“No. Never. People don’t have ambitious enough ideas. Small businesses are trying to mimic how bigger businesses operate, obviously they’re saying, ‘well they’re successful, we’ll do what they do’, but these days that’s a completely redundant way of thinking, you have to differentiate yourself from those big businesses in order to grow to the same size as them.”
I asked if their work ever gets grafittied over. “Never”, he said. All of the Rabbit Hole artists are involved in the graffiti community and they know who they are. And it never happens.
“Is Rabbit Hole taking young vandals off the street and giving them a purpose and putting their talents to good productive use?” I had to ask, even if I had a smile on my face while the question fell out.
Graffiti artists are just expressing themselves, he says. “If they were provided with an outlet for their creativity – which a lot of them aren’t, especially with graffiti, so they have to do it illegally – then there would be a massive reduction in the amount of illegal stuff that goes on. Because even now, all of the stuff that goes on in Ireland is all funded or created or developed by graffiti artists for graffiti artists. And artists by nature don’t tend to have a lot of money. It’s a difficult thing to do. There’s the All City Graffiti Jam which is run by All City who are a record label and supply shop in Temple Bar. The stuff they do is great, but that all comes out of the owner’s pockets. He shoulders that entire burden, he does that solely, and he’s not an artist himself, to give artists an outlet to do their stuff from a legal standpoint. But it’s a massive cost and he doesn’t get any funding for it.”
What about the people who own the walls you use, I asked.
“It’s a no brainer for the proprietor. We take space that, for them, is pretty much vacant and unused, and they’re not doing anything with it. We renovate it using our artwork, we generate a rental revenue for them and we maintain the space. And as well if they have a building, maybe for sale, and there’s artwork on it, it could help the sale via increasing interest in the building.”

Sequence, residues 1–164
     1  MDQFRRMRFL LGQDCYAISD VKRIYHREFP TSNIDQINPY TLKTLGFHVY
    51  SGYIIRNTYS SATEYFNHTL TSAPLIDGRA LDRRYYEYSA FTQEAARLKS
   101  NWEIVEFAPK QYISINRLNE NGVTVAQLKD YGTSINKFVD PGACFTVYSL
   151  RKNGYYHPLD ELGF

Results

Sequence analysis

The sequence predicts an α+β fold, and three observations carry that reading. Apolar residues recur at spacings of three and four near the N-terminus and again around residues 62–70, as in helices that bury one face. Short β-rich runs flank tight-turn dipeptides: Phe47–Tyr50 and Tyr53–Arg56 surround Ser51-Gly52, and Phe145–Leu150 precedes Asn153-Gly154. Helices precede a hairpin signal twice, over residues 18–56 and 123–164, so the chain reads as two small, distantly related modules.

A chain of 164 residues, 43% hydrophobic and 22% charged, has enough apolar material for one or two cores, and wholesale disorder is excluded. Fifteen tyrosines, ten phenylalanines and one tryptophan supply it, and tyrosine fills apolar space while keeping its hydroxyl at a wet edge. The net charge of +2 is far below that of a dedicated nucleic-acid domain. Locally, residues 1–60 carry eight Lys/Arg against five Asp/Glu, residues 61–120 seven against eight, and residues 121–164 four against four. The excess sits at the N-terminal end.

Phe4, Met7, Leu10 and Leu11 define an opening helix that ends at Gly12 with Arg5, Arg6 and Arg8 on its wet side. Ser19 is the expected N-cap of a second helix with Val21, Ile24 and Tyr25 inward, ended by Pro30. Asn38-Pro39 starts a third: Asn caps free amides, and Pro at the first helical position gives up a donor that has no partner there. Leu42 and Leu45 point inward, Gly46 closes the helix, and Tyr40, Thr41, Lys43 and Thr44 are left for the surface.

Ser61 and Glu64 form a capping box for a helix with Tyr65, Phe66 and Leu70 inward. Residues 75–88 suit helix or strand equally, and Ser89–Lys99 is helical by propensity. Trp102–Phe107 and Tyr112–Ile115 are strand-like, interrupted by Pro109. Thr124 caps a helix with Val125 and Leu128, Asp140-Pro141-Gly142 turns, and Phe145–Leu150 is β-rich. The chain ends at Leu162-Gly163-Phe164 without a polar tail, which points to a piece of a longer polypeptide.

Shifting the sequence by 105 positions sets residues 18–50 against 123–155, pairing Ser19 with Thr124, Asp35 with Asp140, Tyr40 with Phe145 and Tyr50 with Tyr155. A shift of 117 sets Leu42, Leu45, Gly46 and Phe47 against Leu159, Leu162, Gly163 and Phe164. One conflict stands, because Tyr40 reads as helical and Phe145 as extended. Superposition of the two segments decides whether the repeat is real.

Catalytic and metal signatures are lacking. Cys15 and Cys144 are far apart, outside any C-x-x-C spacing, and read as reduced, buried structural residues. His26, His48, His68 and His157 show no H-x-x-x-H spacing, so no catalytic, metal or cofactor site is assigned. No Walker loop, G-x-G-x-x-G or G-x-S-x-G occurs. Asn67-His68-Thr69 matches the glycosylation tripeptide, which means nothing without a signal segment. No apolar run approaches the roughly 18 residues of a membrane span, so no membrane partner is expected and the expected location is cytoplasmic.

Since I became aware of Rabbit Hole, I started noticing walls with nothing on them, or spaces that I think would suit their company. That must be ten times worse for them when it’s always on their mind and they’ve a much keener eye.
“Everyday when I’m walking around I look at the city and see it as a blank canvas, and I think what can we do here?”
“But all of us have great appreciation for architecture, design and minimalism so it’s not like we want to have our stuff plastered all over the place. And that also separates us from a billboard company, obviously if you gave them permission, they’d put billboards everywhere, whereas, if we were given free reign, we’re not going to put our stuff everywhere because that would detract from it. And that kind of comes back to the outdoor art gallery idea because we want people to actively seek out the latest Rabbit Hole campaign and that’s interlinked with why we don’t want to have social media. That makes it too easily accessible to people online and they’re not going to give it the appreciation it deserves because if you really want to appreciate our work you need to go and look at it in person.
“When we have revised our website, we’re going to remove all of our social media. The reason being, we have Instagram, and I’d sit in the morning and I’d look through 200 pictures and of those 200 pics, all of them could be unbelievable forms of art and I’ll look at them for maximum one second, and then I’ll flick to the next one and the next one, I don’t appreciate them for what they are.
“What we want to do is make sure that anyone who is viewing our work will actively engage with it. So if they want to see what we’re doing, they have to visit our website. If you have to visit the website you’re going to take more than one or two seconds to look at it and you’re going to have a little browse around. We want to develop our platform further so it is genuinely interactive and engaging as opposed to just another cog in the machine.”
It’s true. The reason I got in touch with Rabbit Hole was because I became aware of them. I saw their mural and I stopped and actively engaged with it. Then I saw their logo and typed their name into Google, I went to their website and rang the phone number. If it was a normal billboard ad I would have done one of three things:
- Not noticed it.
- Been annoyed by it.
- Chuckled at it and kept moving and forgot about it after four steps.
So, their idea works, it looks better, and it’s just nicer. It’s art lads, it’s art on the bare walls of our lovely city. It’s art that is making money, like all (good) art probably should.
At the end of the interview he exploded a smoke bomb and disappeared. I was disappointed because I wanted to see his calves.
If you have a business or something that you want to get out there, or just a cool idea, I recommend you get in touch with the lads – www.rabbitholepromotions.com.
Also, you might be able to find a HeadStuff mural on one of the Rabbit Hole walls, if you can find it you should, actively engage with it by taking a picture beside it and tweet it to us @ThisHeadStuff and @RabbitHolePromo (which exists for the time being).